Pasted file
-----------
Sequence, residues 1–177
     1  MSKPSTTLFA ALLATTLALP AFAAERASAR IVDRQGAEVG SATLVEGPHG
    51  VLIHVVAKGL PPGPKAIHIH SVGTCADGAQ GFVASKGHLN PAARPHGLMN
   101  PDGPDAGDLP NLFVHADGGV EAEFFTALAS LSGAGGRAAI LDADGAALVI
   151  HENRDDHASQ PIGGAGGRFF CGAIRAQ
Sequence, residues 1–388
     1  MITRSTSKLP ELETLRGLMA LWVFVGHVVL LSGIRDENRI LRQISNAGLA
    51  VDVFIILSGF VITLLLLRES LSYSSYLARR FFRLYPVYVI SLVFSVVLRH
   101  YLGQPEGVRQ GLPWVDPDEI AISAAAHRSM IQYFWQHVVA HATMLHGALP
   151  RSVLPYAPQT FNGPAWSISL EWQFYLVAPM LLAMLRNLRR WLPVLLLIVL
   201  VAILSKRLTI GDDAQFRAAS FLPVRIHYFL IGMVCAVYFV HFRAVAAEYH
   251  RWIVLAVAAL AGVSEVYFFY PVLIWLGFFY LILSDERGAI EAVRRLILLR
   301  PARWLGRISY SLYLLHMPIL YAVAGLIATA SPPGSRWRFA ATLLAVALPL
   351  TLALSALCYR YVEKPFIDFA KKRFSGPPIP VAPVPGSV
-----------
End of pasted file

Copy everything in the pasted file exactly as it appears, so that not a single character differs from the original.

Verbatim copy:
Sequence, residues 1–177
     1  MSKPSTTLFA ALLATTLALP AFAAERASAR IVDRQGAEVG SATLVEGPHG
    51  VLIHVVAKGL PPGPKAIHIH SVGTCADGAQ GFVASKGHLN PAARPHGLMN
   101  PDGPDAGDLP NLFVHADGGV EAEFFTALAS LSGAGGRAAI LDADGAALVI
   151  HENRDDHASQ PIGGAGGRFF CGAIRAQ
Sequence, residues 1–388
     1  MITRSTSKLP ELETLRGLMA LWVFVGHVVL LSGIRDENRI LRQISNAGLA
    51  VDVFIILSGF VITLLLLRES LSYSSYLARR FFRLYPVYVI SLVFSVVLRH
   101  YLGQPEGVRQ GLPWVDPDEI AISAAAHRSM IQYFWQHVVA HATMLHGALP
   151  RSVLPYAPQT FNGPAWSISL EWQFYLVAPM LLAMLRNLRR WLPVLLLIVL
   201  VAILSKRLTI GDDAQFRAAS FLPVRIHYFL IGMVCAVYFV HFRAVAAEYH
   251  RWIVLAVAAL AGVSEVYFFY PVLIWLGFFY LILSDERGAI EAVRRLILLR
   301  PARWLGRISY SLYLLHMPIL YAVAGLIATA SPPGSRWRFA ATLLAVALPL
   351  TLALSALCYR YVEKPFIDFA KKRFSGPPIP VAPVPGSV